So far, several dozen stone chairs have been found in the area of medieval Bosnia and Zachlumia. Some of the stone chairs are embellished with embossed motifs of symbolic and decorative character while some of them have carved cyrillic inscriptions. Many stone chairs are attached to the fortified cities and the nobility who ruled these cities.
Folk traditions name these stone chairs "Judging" or "Judicial" chairs. According to folktales, local medieval feudal lords sat on them while conducting public trials over their subjects, which is not without foundation. The places where public trials were held in the Middle Ages were also called the "table", and many of these places also had stone chairs, so the notion of the table included not only the location of a place where public trials were held, but also the stone chair.
Public judges were the nobility of different rank, such as the knyaz, the zupan, the voyevoda, the great voyevoda, the ban, the king, and so on. In accordance with this, we have names for different tables such as: kings, bans, zupan’s, tribal, lords, voyevodes, etc. The stone chair we present in this text is located in the village of Ošanići near Stolac and is linked with the noble family of Hrabren Miloradović.
Miloradovići were one of the more important Serbian medieval families from Herzegovina. Their family cemetery is located below Ošanić, in Vidovo polje, which is a well-known necropolis of stećak tombstones called Radimlje. Furthermore, Orthodox church found in Ošanići is the endowment of Hrabren Miloradović. Given Ošanići were home of Miloradovići family, they probably had their tribal table there around which they judged their subjects and held other gatherings, and this stone chair could be part of it.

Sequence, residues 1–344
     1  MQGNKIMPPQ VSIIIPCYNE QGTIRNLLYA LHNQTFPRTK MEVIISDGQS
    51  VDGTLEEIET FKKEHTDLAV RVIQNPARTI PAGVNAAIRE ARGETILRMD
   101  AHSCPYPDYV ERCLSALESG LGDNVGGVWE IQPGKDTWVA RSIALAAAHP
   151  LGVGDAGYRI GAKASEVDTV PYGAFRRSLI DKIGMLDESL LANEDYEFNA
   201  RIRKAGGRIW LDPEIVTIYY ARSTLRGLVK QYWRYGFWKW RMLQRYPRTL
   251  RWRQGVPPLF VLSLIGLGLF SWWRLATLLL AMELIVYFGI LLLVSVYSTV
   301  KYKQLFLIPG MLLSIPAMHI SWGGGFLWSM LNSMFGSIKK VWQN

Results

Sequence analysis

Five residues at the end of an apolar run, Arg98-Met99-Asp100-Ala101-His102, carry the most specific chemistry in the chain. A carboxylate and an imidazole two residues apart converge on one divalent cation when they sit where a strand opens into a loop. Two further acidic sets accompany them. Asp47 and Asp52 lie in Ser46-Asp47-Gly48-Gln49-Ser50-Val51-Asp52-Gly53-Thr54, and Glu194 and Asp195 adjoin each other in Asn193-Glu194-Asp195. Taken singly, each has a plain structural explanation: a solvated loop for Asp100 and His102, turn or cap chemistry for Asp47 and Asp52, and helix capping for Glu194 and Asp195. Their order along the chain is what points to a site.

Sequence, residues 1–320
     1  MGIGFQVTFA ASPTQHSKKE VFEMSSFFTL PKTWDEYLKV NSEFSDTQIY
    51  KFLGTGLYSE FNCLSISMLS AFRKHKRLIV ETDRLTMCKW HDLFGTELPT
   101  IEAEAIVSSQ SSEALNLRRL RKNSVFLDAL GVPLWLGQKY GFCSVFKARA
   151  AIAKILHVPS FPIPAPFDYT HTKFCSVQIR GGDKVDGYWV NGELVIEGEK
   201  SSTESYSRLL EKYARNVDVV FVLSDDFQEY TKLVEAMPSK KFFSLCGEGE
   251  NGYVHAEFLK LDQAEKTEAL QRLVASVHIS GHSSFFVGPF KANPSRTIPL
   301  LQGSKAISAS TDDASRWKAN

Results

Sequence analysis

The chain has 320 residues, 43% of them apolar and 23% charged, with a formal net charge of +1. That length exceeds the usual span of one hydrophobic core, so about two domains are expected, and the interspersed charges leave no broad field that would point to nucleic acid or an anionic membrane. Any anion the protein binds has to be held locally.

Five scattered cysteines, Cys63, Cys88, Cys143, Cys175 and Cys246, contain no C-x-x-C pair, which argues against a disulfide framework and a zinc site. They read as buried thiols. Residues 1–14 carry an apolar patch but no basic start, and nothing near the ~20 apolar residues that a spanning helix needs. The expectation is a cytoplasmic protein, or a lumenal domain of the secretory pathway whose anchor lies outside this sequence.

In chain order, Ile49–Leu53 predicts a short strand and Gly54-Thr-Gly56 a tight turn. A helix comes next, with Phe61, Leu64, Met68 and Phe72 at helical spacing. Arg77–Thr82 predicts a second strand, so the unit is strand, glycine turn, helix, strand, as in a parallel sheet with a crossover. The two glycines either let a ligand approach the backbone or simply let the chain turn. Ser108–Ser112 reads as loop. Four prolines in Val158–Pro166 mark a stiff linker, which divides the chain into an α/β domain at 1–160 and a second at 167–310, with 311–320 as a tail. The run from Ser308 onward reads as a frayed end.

Writing found on the throne begins with the sign of cross and it follows: + THIS IS THE TABLE OF VOYEVODA STIPAN MILORADOVIĆ, REPEATED BY VOYEVODA PETAR, HIS SON.
Šefik Bešlagić believed there are actually two inscriptions on the stone chair, not one. First one referred to voyevoda Stefan Miloradović: + THIS IS THE TABLE OF VOYEVODA STIPAN MILORADOVIĆ; while the other part of the text referred to dukes son Petar: REPEATED BY VOYEVODA PETAR, HIS SON. Bešlagić believes that voyevoda Petar, after death of his father, conducted additional hewing and shaping works on the stone chair. Inscription on the stone chair of Miloradović family are from the second half of the XV century and are similar to other writings in the surroundings of Stolac, especially those found in Radimlje. Duke Stefan died sometimes around 1470 and was probably buried in Radimlje while his son Petar is mentioned in 1477 as katunar of Hrabren Miloradović. Died around 1488.
Literature: Šefik Bešlagić, "Stone chairs of medieval Bosnia and Herzegovina", DIJELA, Book LIX, Sarajevo 1985.
Prepared by: Boris Radaković